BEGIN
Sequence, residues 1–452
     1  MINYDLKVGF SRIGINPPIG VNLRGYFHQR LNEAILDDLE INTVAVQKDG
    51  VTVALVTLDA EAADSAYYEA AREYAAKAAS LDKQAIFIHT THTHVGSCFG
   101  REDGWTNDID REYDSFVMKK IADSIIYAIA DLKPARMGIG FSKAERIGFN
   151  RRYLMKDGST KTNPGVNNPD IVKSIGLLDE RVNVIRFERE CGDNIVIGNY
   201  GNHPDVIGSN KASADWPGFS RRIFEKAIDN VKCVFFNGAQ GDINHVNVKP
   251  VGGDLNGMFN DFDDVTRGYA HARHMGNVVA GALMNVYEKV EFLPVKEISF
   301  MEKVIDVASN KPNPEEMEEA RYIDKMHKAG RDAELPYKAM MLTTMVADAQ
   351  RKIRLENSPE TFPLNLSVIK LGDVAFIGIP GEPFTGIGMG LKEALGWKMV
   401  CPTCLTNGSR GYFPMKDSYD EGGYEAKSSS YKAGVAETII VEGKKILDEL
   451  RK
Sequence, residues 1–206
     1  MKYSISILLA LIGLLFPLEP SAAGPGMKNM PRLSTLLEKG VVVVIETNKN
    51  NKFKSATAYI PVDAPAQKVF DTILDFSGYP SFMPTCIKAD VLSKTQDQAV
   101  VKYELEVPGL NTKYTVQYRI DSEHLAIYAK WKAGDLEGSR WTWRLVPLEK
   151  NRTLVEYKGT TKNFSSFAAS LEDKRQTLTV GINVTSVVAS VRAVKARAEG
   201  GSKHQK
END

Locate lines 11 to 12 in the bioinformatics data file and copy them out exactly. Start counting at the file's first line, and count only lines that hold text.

   451  RK
Sequence, residues 1–206